Half a million people live in Sacramento — I get that it’s not some little backwater burgh.  But it’s always funny to me to come to a place that’s completely off my radar and see that life thrives in its kajillion ways.  I am reminded (constantly) of just how big the world is.  Just how many people live in it and find ways to make their mark. Through their art, their soup, or their coffee.  Even when you travel it with your eyes wide open, you only ever see specks of the world; you catch fleeting glimpses of the wonders of life in this Universe.  We had a long day of flying yesterday, and today holds Chicago in store, an operational black hole for my airline as for so many others; I was gonna need at least a glimpse of the wonders of the Universe to be able to face this day.  And I got it.  From a cute skinny hipster kid in Sacramento, of all places.

Valentine’s Gold, a Year Later


According to the little celebratory icon WordPress sent me I think yesterday, the time has rolled around to celebrate One Whole Year of Mister Stewardess (dot com)!  I don’t have a whole lot planned by way of anniversary festivities — although this morning’s coffee’s pretty good — but I did figure that a year is long enough that we can have a quick Retrospective.  By which I of course mean I am going to post the same awesome Golden Girls Valentines as I posted last year because, well, the Golden Girls is high up the list of Things I Love, and what better day to celebrate that?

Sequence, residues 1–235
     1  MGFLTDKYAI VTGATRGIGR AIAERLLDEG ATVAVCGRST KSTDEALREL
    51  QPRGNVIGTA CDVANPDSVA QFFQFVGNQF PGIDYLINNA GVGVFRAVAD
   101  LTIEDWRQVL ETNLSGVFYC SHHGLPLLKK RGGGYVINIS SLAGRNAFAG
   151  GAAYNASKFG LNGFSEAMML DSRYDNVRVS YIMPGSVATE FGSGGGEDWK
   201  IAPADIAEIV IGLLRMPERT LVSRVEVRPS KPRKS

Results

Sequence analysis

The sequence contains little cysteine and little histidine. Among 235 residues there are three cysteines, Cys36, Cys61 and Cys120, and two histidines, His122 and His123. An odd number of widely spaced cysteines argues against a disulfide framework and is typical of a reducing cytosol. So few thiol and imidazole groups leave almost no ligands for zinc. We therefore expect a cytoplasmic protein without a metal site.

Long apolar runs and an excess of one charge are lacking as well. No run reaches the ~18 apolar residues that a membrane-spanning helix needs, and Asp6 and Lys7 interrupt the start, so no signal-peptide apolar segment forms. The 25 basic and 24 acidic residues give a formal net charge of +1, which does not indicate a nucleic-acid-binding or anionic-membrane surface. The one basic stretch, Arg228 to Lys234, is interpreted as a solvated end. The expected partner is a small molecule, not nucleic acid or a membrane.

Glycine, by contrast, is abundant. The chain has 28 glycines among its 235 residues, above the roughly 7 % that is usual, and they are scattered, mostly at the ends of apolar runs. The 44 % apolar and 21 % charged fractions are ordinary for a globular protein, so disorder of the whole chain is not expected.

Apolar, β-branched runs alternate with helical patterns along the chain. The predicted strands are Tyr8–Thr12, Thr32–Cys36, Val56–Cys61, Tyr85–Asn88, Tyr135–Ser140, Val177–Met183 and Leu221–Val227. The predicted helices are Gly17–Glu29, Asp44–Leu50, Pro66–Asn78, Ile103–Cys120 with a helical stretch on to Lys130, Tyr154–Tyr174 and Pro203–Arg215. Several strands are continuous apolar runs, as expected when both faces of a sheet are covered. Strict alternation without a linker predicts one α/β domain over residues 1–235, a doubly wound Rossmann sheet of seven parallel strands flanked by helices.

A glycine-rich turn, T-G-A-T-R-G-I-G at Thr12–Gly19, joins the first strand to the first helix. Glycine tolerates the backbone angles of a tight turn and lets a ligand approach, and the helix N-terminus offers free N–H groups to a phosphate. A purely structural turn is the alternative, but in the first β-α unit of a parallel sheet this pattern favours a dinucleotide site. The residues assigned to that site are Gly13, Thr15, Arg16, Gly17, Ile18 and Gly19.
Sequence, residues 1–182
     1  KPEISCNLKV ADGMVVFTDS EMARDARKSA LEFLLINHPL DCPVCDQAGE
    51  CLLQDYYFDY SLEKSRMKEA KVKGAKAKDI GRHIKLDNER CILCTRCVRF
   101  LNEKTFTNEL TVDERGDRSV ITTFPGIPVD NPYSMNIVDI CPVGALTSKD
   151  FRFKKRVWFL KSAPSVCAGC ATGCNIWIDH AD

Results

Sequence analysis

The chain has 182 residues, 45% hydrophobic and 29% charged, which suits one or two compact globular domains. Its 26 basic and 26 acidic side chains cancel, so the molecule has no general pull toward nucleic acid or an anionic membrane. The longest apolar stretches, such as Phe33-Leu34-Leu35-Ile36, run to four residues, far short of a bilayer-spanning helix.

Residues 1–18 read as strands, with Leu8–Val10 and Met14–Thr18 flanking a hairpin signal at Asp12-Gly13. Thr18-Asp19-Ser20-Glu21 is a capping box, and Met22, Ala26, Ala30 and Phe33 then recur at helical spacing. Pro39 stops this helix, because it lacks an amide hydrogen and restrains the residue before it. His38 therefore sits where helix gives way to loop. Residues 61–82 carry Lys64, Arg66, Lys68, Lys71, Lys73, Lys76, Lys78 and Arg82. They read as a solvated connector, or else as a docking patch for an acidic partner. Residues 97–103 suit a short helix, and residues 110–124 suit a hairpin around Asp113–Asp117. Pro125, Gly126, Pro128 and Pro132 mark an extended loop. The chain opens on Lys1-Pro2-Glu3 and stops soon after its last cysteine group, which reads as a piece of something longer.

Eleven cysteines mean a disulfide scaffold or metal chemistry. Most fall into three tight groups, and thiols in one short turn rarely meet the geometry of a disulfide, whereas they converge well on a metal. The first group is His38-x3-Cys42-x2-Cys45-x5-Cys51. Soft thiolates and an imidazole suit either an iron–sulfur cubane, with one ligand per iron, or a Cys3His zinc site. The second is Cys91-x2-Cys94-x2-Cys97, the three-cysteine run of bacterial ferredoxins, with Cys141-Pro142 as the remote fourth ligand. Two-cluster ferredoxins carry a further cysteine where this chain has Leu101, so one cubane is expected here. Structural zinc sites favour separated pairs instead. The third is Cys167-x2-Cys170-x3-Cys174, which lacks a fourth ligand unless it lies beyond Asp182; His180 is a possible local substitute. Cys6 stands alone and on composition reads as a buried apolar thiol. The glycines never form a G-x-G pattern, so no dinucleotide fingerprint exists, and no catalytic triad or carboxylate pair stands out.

In keeping with the Valentine’s spirit, I have just, this very day, submitted what I hope will be my last round of edits on my latest Adventure in Queer Romantic Fiction.  A Model Romance is the story of how beefcake Bridger Bradford falls head over heels in love with a wild fantasy that could never come true, and what happens when it does.  Coming in March from your friends at JMS Books, A Model Romance will be my first stand-alone short, and might be the most romantic thing you’ll ever read that refers to both Old McDonald and Tuna Surprise in the opening paragraph.  When I have cover art and a release date to share, I’ll bring all the info, so do stay tuned.